18. Phosphate Buffered Saline (PBS) (see Recipes)
  19. Lysis Buffer (see Recipes)
  20. Rehydration Buffer (see Recipes)
  21. Fully supplemented medium (see Recipes)

Equipment

  1. Pipette
  2. Centrifuge
  3. Spiramix

Procedure

  1. Leishmania donovani parasites in the logarithmic phase (~5 x 106 parasites/ml) were cultured in fully supplemented culture medium at 25 °C and synchronized with the addition of 2.5 mM hydroxyurea for 12 h.
  2. After this period of time the parasites are gently washed three times with 10 ml of PBS and released in 10 ml of fully supplemented RPMI medium.
  3. 5 x 108-109 parasites are harvested by centrifugation (500 x g, 15 min, RT).
  4. The parasitic pellet is washed twice with 10 ml of PBS supplemented with 0.1% (w/v) glucose.
  5. The parasitic pellet is resuspended in 50 μl Lysis buffer using a pipette.
  6. The lysed parasites are subjected to five freeze-thaw cycles in solid CO2/ethanol.
  7. The sample is centrifuged at 20,000 x g for 30 min at 4 °C.
  8. To the supernatant 400 μl of Rehydration buffer [containing 0.2% (v/v) Bio-Lyte®] are added.
  9. The sample is incubated for 30 min at RT under gentle rotation.
  10. After the end of the incubation, the sample is centrifuged at 17,000 x g for 40 min at RT.
  11. The supernatant can now be used for proteomic analysis or can be stored at -80 °C for future use.

Notes

  1. Extra caution is required at all steps of the procedure as not the protein sample to be contaminated by environmental proteins (e.g. keratin). Preferably avoid using bare hands during the procedure.
  2. After the addition of Rehydration buffer the sample should not be exposed to temperatures below 10 °C, due to urea-mediated sedimentation.
  3. Bio-Lyte® should be added just before the use of the Rehydration Buffer.

Recipes

  1. PBS
    Dissolve
    8 g of NaCl
    0.2 g of KCl
    1.44 g of Na2HPO4
    0.24 g of KH2PO4
    In 800 ml distilled H2O
    Adjust pH to 7.4
    Add H2O to 1 L
    Sterilized by autoclaving
  2. Lysis Buffer
    400 μl Tris-HCl (pH 9.5)
    20 μl 0.5 M EDTA (pH 8.0)
    100 μl 1 mM E-64
    Add distilled H2O up to 10 ml
    Aliquot and stored at -20 °C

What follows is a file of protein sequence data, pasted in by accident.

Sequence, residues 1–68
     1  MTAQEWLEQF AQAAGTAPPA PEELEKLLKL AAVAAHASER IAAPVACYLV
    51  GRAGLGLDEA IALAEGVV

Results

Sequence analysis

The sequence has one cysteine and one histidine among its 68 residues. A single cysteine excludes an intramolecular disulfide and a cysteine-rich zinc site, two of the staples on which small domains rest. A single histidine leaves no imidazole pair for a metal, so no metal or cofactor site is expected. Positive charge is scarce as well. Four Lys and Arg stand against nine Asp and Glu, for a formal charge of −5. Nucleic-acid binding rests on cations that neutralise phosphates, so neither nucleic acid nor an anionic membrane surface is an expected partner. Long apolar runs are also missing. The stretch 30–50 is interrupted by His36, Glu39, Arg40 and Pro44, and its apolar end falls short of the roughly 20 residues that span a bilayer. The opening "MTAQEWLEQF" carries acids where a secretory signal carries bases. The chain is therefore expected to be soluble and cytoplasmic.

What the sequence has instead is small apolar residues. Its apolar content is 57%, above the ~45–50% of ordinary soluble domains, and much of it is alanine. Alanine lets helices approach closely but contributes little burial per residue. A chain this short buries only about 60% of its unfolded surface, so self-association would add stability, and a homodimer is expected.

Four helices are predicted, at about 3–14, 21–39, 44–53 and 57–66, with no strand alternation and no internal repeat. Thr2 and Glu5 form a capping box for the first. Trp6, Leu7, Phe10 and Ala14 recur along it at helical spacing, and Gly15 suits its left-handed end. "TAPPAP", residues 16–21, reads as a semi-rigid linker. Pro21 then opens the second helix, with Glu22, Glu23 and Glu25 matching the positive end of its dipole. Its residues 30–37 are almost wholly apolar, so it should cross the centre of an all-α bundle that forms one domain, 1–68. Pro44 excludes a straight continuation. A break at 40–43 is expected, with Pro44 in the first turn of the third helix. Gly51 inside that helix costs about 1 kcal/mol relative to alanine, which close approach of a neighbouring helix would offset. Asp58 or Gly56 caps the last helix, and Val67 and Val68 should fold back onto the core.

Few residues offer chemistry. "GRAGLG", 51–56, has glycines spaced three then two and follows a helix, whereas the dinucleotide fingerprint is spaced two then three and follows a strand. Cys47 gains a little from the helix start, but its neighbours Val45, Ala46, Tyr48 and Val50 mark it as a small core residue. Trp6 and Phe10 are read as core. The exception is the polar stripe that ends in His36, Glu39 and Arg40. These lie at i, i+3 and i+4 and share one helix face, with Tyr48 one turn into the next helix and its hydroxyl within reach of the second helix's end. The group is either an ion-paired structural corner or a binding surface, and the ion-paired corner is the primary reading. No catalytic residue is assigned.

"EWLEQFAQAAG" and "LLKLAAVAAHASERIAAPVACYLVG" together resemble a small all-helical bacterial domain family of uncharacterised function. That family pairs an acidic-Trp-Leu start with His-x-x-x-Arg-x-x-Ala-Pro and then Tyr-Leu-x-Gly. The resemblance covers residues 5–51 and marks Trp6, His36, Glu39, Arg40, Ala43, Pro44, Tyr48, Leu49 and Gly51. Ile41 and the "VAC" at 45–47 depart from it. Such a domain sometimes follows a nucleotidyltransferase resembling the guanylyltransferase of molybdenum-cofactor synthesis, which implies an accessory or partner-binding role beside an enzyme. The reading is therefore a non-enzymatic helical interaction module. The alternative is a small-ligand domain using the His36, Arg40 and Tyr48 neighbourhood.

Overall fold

3. Rehydration Buffer
    To a volume of 3 ml distilled H2O dissolve
    4.8 g urea
    1.52 g thiourea
    0.4 g CHAPS
    0.1 g DTT
    0.24 g ASB-14
    5 μl 0.1% (w/v) bromophenol blue
    Add distilled H2O up to 10 ml
    Aliquot and stored at -20 °C
  4. Fully supplemented medium
    RPMI-1640
    10% (v/v) HIFBS
    10 mM HEPES
    100 U/ml Penicillin/Streptomycin

Acknowledgments

This protocol was adapted from Clayton (2002) and Smirlis et al. (2006). Partial funding from the General Secretariat of Research and Technology action “Proposals for the development of Research Institutes, Krepis” supported this work.

References

  1. Alexandratos, A., Clos, J., Samiotaki, M., Efstathiou, A., Panayotou, G., Soteriadou, K. and Smirlis, D. (2013). The loss of virulence of histone H1 overexpressing Leishmania donovani parasites is directly associated with a reduction of HSP83 rate of translation. Mol Microbiol 88(5): 1015-1031.
  2. Clayton, C. E. (2002). Life without transcriptional control? From fly to man and back again. EMBO J 21(8): 1881-1888.
  3. Smirlis, D., Bisti, S. N., Xingi, E., Konidou, G., Thiakaki, M. and Soteriadou, K. P. (2006). Leishmania histone H1 overexpression delays parasite cell-cycle progression, parasite differentiation and reduces Leishmania infectivity in vivo. Mol Microbiol 60(6): 1457-1473.


How to cite this protocol: Alexandratos, A. and Smirlis, D. (2014). Protein Sample Preparation for Proteomic Analysis in Leishmania donovani. Bio-protocol 4(5): e1058. DOI: 10.21769/BioProtoc.1058; Full Text